two young girls verbally bullying another young girl

Bullying has been defined as a type of aggressive behavior that causes distress or harm, demonstrates an imbalance of power, and is repeated over time. The child being bullied usually has a difficult time defending himself, while the bully gets great satisfaction from his aggression, perpetuating the bullying cycle.1

There are three major forms of bullying—physical, emotional, and verbal. Physical bullying involves physical contact that causes discomfort to another person. Emotional bullying is aggressive behavior without the use of words, such as in ignoring or excluding another. Verbal bullying uses words to be hurtful and is also referred to as psychological bullying. A bully might use a combination of these three forms of bullying, especially combining verbal and emotional bullying.2

With the pervasive use of technology, cyberbullying has become a serious problem. Using electronic forms of contact, such as emails, text messages, and social networking sites, cyberbullying can involve sending mean, vulgar, or threatening messages or images to others, posting sensitive information or lies about another person, or pretending to be someone else in order to make that person look bad.3 Because the bullying attack is not “face to face” with the one being bullied, the bully does not see the victim or its impact on him. Cyberbullies often don’t realize that their actions are as damaging as physical bullying.4

Studies done in the U.S. have shown that between 15 to 25 percent of students are bullied with some frequency, while 15 to 20 percent report that they bully others with some frequency. The rate of bullying peaks in middle childhood and decreases over the high school years with almost 43 percent of 6th graders reporting being bullied compared to about 24 percent of 12th graders. Research also has shown that children with special needs or disabilities are at a higher risk of being bullied than other children.5

Both boys and girls are bullied with similar frequency. Girls are bullied by both boys and girls, while boys report that they are most often bullied by other boys. Both boys and girls most frequently experience verbal bullying. Boys are more likely to be physically bullied, while girls are more likely to be targets of social exclusion and rumor spreading. The stress of being bullied can affect children’s learning in school. Bullied children are more likely to be lonely, anxious, depressed, have low self-esteem, feel unwell, and think about suicide.6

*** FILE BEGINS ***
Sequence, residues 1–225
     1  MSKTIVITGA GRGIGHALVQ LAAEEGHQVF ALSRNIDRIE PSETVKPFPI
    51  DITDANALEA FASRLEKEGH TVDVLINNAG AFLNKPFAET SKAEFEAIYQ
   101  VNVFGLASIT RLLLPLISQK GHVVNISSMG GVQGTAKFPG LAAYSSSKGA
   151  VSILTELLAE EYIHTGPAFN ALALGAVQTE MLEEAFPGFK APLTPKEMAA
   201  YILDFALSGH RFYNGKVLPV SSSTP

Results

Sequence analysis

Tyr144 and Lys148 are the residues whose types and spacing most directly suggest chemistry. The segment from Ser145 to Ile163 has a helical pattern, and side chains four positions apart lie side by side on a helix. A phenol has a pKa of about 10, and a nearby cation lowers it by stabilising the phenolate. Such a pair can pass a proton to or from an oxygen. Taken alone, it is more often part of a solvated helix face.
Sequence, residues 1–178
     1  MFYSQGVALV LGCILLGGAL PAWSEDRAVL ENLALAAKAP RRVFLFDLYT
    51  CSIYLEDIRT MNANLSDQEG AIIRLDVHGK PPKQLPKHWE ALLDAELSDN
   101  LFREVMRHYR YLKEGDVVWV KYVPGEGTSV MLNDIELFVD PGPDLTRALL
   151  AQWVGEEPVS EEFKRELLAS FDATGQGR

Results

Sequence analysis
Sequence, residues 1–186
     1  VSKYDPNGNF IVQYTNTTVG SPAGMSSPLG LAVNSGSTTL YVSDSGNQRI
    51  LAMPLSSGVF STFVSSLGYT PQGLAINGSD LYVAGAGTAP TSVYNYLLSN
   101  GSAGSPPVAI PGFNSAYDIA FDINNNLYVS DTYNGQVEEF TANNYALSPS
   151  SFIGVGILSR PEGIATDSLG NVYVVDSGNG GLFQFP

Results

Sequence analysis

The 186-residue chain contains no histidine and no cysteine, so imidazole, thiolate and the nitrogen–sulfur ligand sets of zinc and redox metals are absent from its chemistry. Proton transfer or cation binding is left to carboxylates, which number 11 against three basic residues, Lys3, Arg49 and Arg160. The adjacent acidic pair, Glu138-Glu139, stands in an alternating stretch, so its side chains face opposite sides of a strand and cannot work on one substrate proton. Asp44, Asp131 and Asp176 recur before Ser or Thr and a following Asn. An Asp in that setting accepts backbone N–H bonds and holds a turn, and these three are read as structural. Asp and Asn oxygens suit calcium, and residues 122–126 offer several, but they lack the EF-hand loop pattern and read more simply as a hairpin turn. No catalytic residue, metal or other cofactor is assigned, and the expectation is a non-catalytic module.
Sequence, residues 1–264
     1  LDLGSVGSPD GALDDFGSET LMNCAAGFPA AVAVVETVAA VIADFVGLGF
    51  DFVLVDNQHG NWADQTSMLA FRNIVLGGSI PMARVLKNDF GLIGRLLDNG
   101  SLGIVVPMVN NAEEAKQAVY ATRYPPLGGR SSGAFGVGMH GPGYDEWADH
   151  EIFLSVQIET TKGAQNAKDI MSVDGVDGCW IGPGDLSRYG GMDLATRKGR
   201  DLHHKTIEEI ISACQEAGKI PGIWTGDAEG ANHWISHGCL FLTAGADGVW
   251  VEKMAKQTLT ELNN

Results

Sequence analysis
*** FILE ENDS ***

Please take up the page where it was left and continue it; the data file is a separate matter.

There is a variety of complex and contradictory behaviors that are seen in bullies. Some bullies have an exaggerated air of self-confidence and enjoy the feelings of power. They may use their bullying behaviors to solidify their feelings of self-worth. They may even be popular students who perversely enjoy using their social skills to promote violence. Others can be recognized by their emotional immaturity with their feelings of inferiority, inadequacy, insecurity, fear, loneliness, and rejection. These bullies may have persistent feelings of self-loathing and depression. Bullies are often consumed with fear and jealousy.7

Bullies lack empathy, tend to be impulsive and hot-headed, become easily frustrated, and have difficulty following rules. They often come from homes where parents lacked warmth and involvement, were overly permissive, gave little supervision, and disciplined their children harshly.8 Children who experience early abuse or neglect are at greater risk of becoming aggressive. These children learn to use violence to express their anger or assert their power rather than feeling empathy for their victims.9

Children who bully are more likely to get into frequent fights, vandalize property, steal property, drink alcohol, smoke, skip school, drop out of school, and carry a weapon. Research has shown that boys in middle school who are bullies are four times more likely to have more than one criminal conviction by the age of 24.10